Therefore, in Nagpur the nation expects Pranabda to tell the RSS that its goal of making India a Hindu Rashtra violates the core constitutional principle of secularism. He should also urge the RSS to become equidistant from all political parties — and therefore end its special relationship with the BJP — if it wants to be truthful to its own declaration of being a non-political organisation.

No dialogue can be one-sided. If those who are critical of the RSS choose to keep their eyes and minds closed to what is good about the organisation (its patriotism, its cadres’ selfless and disciplined social service) or are afraid of saying publicly what their eyes have seen and their minds have known, lest they are branded as “Hindutva sympathisers”, they should stay away from dialogue. They should stick to their traditional business of diatribe — of calling the RSS a “fascist” organisation and of practising in intellectual life the very vice, untouchability, which they rightly denounce in social life. Indian communists have excelled in this kind of ideological arrogance. Predictably, life has already taught them a sobering lesson. Today, in the collective national mindspace, their share has shrunk to far less than the equivalent of the Congress’s share in the Lok Sabha.

As a well-wisher of the Congress, here is my advice to its president. Rahul Gandhi should not blindly follow the communists’ example of denouncing everything about the RSS. Pranabda’s visit should be the beginning of a wider process of dialogue between the Congress and RSS-BJP, between Muslim organisations and RSS-BJP, and also between the Left and RSS-BJP, resulting in much-needed consensus and cooperation on major national challenges. Our national discourse needs to become future-focused, rather than remain past-obsessed. Constructive dialogue is a precondition for India’s equitable development, social cohesion and the healthy growth of our democracy. The Congress will emerge stronger from this dialogue because, more than any other party, it best represents India’s inclusive culture and constitutional ideals.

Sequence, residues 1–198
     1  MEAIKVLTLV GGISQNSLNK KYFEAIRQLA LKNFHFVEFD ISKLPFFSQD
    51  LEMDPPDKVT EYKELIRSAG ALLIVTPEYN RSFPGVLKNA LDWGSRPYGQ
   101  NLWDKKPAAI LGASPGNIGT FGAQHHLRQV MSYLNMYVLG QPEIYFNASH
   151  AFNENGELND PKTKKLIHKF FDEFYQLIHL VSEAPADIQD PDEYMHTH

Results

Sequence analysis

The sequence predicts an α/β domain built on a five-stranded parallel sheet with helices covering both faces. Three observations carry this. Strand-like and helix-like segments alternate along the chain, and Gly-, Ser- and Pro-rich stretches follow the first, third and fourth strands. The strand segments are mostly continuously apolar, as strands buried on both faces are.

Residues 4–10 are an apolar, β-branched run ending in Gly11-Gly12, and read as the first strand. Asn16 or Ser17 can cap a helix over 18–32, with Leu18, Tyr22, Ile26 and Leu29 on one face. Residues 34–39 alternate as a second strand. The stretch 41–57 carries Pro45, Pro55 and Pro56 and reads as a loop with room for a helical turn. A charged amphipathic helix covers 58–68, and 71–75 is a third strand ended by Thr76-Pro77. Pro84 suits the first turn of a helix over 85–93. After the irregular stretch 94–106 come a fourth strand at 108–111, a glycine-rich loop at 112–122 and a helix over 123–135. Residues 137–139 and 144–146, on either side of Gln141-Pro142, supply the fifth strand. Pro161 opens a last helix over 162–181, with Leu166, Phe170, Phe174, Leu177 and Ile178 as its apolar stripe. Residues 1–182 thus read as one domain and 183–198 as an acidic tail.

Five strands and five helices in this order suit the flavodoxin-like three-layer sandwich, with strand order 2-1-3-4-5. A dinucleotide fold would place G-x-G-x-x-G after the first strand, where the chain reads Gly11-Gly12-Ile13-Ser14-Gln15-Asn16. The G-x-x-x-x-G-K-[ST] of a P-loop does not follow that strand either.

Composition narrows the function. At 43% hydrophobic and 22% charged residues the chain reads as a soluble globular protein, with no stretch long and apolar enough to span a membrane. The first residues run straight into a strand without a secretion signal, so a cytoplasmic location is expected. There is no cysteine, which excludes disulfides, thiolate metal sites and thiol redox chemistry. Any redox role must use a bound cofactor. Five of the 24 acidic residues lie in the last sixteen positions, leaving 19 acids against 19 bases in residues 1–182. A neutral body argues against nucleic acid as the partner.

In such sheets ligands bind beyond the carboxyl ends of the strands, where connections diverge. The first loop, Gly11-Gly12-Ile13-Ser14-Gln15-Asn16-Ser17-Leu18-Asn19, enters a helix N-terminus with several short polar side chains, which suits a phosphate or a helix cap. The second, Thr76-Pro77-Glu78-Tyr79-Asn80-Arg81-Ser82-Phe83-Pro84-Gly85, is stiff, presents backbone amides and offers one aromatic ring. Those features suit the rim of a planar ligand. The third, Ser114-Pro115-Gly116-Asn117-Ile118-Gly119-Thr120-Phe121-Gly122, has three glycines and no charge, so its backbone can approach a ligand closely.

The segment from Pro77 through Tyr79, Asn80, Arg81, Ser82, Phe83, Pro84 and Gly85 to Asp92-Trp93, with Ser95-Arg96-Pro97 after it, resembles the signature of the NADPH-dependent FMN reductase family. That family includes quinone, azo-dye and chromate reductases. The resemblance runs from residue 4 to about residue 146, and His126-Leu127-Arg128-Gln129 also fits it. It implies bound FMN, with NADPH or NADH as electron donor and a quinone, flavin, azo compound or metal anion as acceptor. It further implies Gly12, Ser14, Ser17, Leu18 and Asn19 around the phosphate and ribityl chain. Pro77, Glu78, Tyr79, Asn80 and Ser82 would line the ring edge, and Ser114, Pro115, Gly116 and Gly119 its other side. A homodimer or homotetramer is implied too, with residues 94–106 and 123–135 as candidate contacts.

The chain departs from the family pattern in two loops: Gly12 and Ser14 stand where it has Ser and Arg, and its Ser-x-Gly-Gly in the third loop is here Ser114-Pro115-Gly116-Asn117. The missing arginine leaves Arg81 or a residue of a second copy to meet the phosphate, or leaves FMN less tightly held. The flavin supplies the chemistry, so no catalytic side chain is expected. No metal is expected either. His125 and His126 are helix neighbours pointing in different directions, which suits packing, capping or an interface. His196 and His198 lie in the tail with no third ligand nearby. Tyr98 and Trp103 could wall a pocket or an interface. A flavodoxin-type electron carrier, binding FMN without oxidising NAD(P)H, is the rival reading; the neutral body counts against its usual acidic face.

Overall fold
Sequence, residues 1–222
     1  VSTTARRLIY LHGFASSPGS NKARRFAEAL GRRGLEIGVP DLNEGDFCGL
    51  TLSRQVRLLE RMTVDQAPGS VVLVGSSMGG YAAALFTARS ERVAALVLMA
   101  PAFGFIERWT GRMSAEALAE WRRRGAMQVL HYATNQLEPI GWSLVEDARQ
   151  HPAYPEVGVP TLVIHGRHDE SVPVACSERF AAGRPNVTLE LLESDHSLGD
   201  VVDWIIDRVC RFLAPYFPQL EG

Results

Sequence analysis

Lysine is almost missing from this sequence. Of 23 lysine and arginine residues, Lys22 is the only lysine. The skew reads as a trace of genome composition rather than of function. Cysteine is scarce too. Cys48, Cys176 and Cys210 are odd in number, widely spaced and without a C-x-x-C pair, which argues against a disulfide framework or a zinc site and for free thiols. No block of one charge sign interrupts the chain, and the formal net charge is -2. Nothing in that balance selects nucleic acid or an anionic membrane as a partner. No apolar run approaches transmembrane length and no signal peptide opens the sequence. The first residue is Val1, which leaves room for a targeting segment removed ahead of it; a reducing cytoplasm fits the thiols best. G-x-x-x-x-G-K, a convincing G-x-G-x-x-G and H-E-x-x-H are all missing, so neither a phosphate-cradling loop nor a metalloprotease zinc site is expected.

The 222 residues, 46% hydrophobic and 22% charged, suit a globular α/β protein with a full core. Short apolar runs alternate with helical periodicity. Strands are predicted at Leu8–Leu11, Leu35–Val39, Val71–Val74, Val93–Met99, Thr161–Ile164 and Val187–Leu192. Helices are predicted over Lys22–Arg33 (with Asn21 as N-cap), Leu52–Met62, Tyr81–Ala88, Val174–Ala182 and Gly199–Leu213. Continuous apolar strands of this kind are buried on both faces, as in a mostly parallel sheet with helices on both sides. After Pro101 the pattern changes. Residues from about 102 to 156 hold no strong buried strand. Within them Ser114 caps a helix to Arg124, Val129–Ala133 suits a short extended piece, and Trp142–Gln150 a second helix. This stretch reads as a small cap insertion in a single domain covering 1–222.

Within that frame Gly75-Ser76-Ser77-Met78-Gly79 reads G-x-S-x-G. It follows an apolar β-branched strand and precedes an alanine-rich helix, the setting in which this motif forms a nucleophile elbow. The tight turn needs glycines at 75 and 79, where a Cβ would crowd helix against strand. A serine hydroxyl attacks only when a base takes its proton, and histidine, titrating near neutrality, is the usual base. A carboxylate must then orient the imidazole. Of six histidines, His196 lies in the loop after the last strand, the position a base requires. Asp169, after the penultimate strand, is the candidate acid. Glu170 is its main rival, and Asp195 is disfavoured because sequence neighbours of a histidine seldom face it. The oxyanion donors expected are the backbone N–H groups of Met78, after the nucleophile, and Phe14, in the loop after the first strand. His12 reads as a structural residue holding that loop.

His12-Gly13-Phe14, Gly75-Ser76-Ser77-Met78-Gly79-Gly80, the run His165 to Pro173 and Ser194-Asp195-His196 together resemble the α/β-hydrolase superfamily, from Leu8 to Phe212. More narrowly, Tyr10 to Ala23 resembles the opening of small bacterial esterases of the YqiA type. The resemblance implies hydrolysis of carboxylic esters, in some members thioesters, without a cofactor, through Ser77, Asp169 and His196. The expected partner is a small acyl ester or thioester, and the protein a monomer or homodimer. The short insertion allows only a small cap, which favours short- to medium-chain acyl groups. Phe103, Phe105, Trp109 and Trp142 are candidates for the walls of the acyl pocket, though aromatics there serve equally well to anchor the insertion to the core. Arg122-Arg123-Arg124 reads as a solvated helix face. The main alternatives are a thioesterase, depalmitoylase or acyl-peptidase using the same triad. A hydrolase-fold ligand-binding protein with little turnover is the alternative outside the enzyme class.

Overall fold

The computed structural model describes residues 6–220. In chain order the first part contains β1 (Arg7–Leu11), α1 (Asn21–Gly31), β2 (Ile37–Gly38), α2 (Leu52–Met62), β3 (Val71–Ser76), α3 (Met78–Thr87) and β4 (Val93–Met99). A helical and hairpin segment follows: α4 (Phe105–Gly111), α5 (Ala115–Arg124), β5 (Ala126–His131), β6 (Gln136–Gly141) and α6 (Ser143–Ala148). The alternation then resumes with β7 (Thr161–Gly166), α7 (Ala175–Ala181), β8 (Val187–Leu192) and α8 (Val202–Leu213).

Rahul Gandhi should remind himself of the fine words he spoke when he took over as Congress president in December 2017. “I want the Congress to become an instrument for dialogue between all of us. From all corners of our great country. And our dialogue will always be led by light and affection.” Therefore, following Pranabda’s example, Rahul should visit Nagpur or, better still, invite Bhagwat to his home in New Delhi. He should know that even Mahatma Gandhi visited RSS congregations, not once but twice, and even appreciated some of its good qualities. This is because of his conviction, which is as relevant now as it was then, that our common Indianness transcends our differences — and that cooperation-promoting dialogue is the only way to reduce our differences, strengthen India’s unity and accelerate its rise.

The writer was an aide to former Prime Minister Atal Bihari Vajpayee